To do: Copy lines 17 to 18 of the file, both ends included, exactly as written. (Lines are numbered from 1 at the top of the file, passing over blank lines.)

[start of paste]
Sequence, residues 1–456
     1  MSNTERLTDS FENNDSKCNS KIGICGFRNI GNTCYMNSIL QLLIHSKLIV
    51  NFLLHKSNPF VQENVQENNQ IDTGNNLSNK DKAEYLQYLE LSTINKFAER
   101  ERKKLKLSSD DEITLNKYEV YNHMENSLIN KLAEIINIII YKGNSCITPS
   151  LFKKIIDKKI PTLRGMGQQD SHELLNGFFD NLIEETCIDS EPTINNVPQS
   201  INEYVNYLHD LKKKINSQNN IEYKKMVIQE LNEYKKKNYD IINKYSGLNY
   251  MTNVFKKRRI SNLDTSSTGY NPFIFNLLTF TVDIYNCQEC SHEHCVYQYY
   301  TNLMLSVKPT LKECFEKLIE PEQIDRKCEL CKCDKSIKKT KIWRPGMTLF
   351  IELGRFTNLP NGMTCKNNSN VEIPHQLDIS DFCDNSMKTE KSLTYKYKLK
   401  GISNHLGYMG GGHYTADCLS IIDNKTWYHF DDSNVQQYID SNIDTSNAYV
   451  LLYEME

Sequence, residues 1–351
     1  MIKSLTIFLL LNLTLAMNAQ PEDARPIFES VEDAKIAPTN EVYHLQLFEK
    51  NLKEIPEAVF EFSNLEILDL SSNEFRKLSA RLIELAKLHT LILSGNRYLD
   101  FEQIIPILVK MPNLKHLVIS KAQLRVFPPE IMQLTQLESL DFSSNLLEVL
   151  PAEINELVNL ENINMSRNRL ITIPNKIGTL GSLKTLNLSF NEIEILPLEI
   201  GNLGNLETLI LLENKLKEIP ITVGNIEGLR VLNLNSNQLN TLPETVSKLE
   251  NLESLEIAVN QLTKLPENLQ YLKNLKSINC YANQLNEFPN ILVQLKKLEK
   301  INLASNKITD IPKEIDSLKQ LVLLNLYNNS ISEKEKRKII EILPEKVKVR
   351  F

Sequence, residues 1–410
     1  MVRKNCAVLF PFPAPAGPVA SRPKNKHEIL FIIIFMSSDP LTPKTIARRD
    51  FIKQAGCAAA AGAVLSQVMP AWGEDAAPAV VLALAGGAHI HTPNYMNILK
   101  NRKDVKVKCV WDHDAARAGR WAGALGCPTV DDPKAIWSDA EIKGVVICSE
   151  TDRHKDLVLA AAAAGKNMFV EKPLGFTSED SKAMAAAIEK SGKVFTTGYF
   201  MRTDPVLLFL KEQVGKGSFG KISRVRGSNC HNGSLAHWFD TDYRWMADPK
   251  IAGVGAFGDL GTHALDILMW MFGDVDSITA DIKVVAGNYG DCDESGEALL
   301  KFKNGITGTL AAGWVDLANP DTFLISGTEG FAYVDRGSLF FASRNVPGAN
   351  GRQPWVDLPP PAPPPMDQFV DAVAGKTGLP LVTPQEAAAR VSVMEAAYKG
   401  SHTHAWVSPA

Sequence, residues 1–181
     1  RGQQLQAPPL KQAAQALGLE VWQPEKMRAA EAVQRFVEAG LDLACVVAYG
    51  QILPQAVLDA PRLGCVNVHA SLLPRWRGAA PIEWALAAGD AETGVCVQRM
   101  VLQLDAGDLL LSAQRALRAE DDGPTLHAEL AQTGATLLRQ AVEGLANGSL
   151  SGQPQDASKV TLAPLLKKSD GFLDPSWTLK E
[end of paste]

   201  GNLGNLETLI LLENKLKEIP ITVGNIEGLR VLNLNSNQLN TLPETVSKLE
   251  NLESLEIAVN QLTKLPENLQ YLKNLKSINC YANQLNEFPN ILVQLKKLEK